India to get advanced ‘eye in the sky’ ahead of I-Day with Gisat-1 launch on Aug 12 | India News - Times of India

India to get advanced ‘eye in the sky’ ahead of I-Day with Gisat-1 launch on Aug 12 | India News – Times of India

NEW DELHI: Just three days ahead of the Independence Day, India will finally launch its most advanced geo-imaging satellite (Gisat-1), which will allow better monitoring of the subcontinent, including its borders with Pakistan and China, by imaging the country 4-5 times a day. The satellite will be launched on August 12 at 5.43am from Sriharikota.
The pandemic delayed the launch of the new-series geo-satellite, which has civilian and strategic importance, several times since last year. Isro’s GSLV-F10 rocket will finally put the 2,268-kg Gisat-1, codenamed EOS-3, into the geo-orbit. This will be India’s first launch of a primary satellite this year. On February 28, Isro had launched 18 small satellites, including some desi satellites, along with primary satellite Amazonia-1 of Brazil.
Once placed 36,000 km above earth in the geostationary orbit after space manoeuvres, the advanced ‘eye in the sky’ can constantly monitor areas of interest (the satellite will move in sync with the rotation of the Earth and hence would look stationary) and will give real-time information about a large area unlike other remote sensing satellites placed in lower orbits that come to a spot only at regular intervals. EOS-3 will also enable quick monitoring of natural disasters, episodic and short-term events.
Minister of state for department of space Jitendra Singh, in a response to a question in Rajya Sabha recently, had said that EOS-03 is capable of imaging the whole country 4-5 times daily. The satellite, which is capable of near real-time monitoring of floods and cyclones, will also enable monitoring of water bodies, crops, vegetation conditions and forest cover changes, he said.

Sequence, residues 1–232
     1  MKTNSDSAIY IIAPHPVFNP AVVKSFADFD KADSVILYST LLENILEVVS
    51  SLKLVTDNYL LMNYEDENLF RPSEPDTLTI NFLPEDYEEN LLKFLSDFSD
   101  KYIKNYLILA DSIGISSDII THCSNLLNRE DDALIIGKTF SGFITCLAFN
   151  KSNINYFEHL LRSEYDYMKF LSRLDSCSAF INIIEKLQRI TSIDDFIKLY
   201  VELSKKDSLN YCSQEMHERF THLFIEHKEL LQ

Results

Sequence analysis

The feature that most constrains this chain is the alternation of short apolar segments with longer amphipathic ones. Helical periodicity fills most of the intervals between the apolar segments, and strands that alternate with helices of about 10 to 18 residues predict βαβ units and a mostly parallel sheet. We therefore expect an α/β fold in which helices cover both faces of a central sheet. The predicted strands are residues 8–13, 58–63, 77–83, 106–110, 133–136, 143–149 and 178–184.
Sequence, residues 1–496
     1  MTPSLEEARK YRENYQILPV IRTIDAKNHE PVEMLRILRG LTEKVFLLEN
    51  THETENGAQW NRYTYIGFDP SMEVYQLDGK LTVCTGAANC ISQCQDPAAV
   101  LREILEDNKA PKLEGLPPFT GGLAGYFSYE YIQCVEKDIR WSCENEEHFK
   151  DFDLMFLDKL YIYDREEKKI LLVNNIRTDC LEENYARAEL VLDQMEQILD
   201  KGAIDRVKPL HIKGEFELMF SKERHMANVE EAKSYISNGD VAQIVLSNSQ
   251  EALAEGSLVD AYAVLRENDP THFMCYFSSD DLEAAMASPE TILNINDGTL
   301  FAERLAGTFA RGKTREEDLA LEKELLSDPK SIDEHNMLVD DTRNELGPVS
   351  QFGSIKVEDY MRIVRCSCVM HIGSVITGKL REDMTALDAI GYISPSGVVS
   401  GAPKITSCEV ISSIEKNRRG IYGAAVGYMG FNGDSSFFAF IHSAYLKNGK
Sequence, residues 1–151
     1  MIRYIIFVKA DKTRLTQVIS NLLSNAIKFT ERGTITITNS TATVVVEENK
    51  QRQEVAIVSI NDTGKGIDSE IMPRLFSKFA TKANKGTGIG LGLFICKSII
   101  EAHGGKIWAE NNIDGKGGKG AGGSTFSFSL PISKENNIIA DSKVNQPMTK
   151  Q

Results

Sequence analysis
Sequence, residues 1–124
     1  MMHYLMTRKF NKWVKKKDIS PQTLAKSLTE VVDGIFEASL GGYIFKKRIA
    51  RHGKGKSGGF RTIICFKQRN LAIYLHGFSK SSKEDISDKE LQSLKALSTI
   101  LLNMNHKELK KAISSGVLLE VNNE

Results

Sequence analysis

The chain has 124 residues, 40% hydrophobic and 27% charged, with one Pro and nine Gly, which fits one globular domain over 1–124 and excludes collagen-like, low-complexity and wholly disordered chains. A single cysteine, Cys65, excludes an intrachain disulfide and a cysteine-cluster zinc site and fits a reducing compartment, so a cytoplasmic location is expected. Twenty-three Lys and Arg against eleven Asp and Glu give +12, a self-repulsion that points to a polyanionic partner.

The satellite will have payload imaging sensors of six-band multispectral visible and near infra-red with 42-metre resolution, 158 bands hyper-spectral visible and near infra-red with 318-metre resolution and 256 bands hyper-spectral short wave infra-red with 191-metre resolution. A 4-metre diameter ogive-shaped payload fairing (heat shield) has been used in the rocket for the first time, an Isro statement said.
The satellite was earlier scheduled for launch on March 28 this year but a “minor issue” forced its postponement. The launch was later expected in April and then in May but Covid-triggered restrictions in states where Isro centres are located delayed it again.
After the Gisat-1 launch, the other satellite to go up will be EOS-4 or Risat-1A, which is a radar imaging satellite with synthetic aperture radar (SAR) that can take pictures during day and night and can also see through clouds. The satellite weighing over 1,800 kg will be launched by a PSLV in September. The satellite will play a strategic role in the country’s defence with its capability to operate in day, night and all weather conditions.
The first developmental flight of the Small Satellite Launch Vehicle (SSLV) or mini-PSLV is also scheduled for the fourth quarter of this year from Sriharikota.

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